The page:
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  • The Unwilding
  • Rebecca Nison (bio)

Tonight Flora will free her twin brother from his cage.

Their mother zonks herself out on sleeping pills every night, but Dad's so soft a dozer that a single jangle could catapult him awake. Five keys biting into Flora's fist, shouldering a bag of crucial supplies on one side and a bag of mangoes on the other, she is a delicate balancing act. She's always been clumsy: a small, bumbling girl with big, unsteady hands and fingernails ragged from picking. She slides the three keys into the three mouths of the three dead bolts of the basement door and tiptoes downstairs, where dozens of humidifiers wheeze moisture into the air.

In her bag of crucial supplies: Culver Ochs's Becoming the Fittest: Survive the Wild (14th edition), a fleece blanket, rope, two thermoses, a Swiss army knife, postcards, magazine clippings, one notebook two-thirds filled, one pen, a Sea World cap, and a bottle of crushed pills, the label peeled off.

Flora has allowed herself one indulgence: a ring with a stone the color of skies before rain, left to her by long-estranged Gran Odella. Though she's been raised to believe that superstitions are bunk—"pacifiers for the stupid," her mother calls them—tonight, Flora chooses to think of this ring as a good-luck charm. A talisman. A reminder of where she's headed, the new world to come.

Tonight Flora will free her twin brother from his cage and shepherd him to the wilderness where he belongs.

Behind the bars that contain him, the thriving leaves of monsteras are as large and intricate as tortoise shells. Heart-of-flame bromeliads live proudly up to their names. Ferns taller than Flora's waist sway in the manufactured breeze of the industrial fan.

As twins go, these two share few resemblances. Three weeks ago, Flora graduated as valedictorian of her high school class. At eighteen [End Page 19] years old, Penn couldn't point out the letter A or decipher a single word from the speech she gave at that podium. If he were somehow offered a seat in their father's seventh grade American history class, he would flunk out (to say the least). Though he holds all of history within him, Penn Harlan Morrow can't recite a single sentence about the past.

Ask Penn what country he lives in. Ask him the definition of nation. Ask him What is 1+2? He'd have no answers. He has no concept of war. He's never even seen an expanse of land. If you were to show him the real sun in the real sky, he might wrinkle his sloped forehead and hoot long and high in confusion. Offer him a view of the waxing crescent moon, and he'd swipe at the thing, try to pull it down from the sky and chow down on it. Over seventeen years have passed since he's been above ground. At that point, he had no eyes or ears.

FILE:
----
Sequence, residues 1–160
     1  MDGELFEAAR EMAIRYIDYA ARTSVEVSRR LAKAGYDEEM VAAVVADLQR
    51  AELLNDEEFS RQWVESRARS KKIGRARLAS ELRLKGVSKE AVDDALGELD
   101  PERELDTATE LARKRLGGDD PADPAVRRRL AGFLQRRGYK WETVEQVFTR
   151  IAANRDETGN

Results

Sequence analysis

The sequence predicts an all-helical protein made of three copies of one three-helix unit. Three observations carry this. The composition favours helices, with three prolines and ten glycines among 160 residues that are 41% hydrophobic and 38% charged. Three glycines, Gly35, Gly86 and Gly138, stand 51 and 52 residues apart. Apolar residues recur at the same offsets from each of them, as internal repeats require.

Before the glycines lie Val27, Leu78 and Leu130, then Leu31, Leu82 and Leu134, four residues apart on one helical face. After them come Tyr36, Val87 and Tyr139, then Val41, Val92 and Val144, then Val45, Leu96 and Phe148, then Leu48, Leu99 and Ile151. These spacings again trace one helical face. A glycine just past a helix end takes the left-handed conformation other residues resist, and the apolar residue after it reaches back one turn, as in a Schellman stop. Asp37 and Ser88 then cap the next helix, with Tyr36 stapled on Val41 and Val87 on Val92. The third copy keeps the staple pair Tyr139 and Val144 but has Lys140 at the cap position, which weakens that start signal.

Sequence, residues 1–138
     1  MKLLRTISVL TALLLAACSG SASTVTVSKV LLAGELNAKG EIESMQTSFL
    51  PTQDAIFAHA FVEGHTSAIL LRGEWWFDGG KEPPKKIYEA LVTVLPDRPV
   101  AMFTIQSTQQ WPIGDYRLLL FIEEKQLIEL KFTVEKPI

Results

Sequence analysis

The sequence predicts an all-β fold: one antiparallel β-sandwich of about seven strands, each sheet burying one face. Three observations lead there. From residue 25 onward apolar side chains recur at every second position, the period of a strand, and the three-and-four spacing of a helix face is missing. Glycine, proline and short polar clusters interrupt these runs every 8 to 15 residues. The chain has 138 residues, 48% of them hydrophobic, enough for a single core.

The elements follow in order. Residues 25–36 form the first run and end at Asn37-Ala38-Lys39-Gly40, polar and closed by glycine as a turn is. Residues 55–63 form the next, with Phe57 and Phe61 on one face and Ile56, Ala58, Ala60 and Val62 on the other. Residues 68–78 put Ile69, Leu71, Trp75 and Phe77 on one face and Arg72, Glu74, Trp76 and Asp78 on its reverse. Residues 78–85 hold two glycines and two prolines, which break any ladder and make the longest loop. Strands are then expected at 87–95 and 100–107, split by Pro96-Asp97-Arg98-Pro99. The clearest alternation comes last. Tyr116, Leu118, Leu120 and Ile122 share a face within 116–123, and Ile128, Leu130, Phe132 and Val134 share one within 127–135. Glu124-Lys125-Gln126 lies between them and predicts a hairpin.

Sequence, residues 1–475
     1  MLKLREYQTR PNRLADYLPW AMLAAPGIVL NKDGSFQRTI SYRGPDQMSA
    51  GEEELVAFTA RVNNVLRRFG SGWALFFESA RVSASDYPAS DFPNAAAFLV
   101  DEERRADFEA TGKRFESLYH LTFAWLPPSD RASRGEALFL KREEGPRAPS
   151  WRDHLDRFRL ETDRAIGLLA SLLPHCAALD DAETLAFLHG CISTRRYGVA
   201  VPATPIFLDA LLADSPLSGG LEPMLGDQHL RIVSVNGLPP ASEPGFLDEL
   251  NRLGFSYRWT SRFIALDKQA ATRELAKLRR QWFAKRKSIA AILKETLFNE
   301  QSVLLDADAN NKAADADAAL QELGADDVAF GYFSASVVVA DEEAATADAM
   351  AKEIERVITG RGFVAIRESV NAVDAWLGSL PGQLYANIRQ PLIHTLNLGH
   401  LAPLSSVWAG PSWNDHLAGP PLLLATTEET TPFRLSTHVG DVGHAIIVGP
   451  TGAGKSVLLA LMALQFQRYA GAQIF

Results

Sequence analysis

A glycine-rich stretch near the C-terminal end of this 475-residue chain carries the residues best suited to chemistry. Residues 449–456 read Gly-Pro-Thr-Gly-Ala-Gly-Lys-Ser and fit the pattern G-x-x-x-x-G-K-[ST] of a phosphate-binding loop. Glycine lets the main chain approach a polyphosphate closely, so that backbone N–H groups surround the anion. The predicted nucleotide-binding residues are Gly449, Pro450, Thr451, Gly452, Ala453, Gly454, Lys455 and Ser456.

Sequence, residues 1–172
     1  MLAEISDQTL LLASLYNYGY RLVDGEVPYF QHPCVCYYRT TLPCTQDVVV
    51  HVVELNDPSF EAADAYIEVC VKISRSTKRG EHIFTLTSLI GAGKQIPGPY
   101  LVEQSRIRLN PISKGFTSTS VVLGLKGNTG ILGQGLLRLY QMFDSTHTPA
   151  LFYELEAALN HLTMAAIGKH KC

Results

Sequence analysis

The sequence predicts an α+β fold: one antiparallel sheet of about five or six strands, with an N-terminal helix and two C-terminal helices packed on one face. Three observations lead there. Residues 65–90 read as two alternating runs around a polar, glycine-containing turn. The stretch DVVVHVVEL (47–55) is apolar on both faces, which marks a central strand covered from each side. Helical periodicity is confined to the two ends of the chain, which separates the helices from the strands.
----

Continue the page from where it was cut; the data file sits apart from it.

Biologically speaking, Flora Dash Morrow is, and has always been, an ordinary human—but her twin is unnamable. As far as she knows, no similar creature has ever roamed the earth. According to her best guess, Penn's currently something like a Sahelanthropus tchadensis, the common ape ancestor of humans and chimps. Right now he's curled up in a nest of leaves on a thick branch of the truncated Ugandan ironwood Dad installed here months ago. For most of his life, Penn hasn't slept in anything even this vaguely resembling a bed.

Penn's hands and fetal position and hominid face exhilarate Flora. He's come such a long way.

A few months ago, Penn was a breed of monkey that hasn't traipsed the earth in millions of years. At their seventeenth birthday, he was a long-extinct lemur-like creature. According to their parents, both Flora and her brother were born at the same moment—she, a screeching baby girl of seven pounds two ounces, and he, a single-cell bacteria stuck inside a drop of liquid clinging to her newborn cheek. Too microscopic to be seen...


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pp. 19-32
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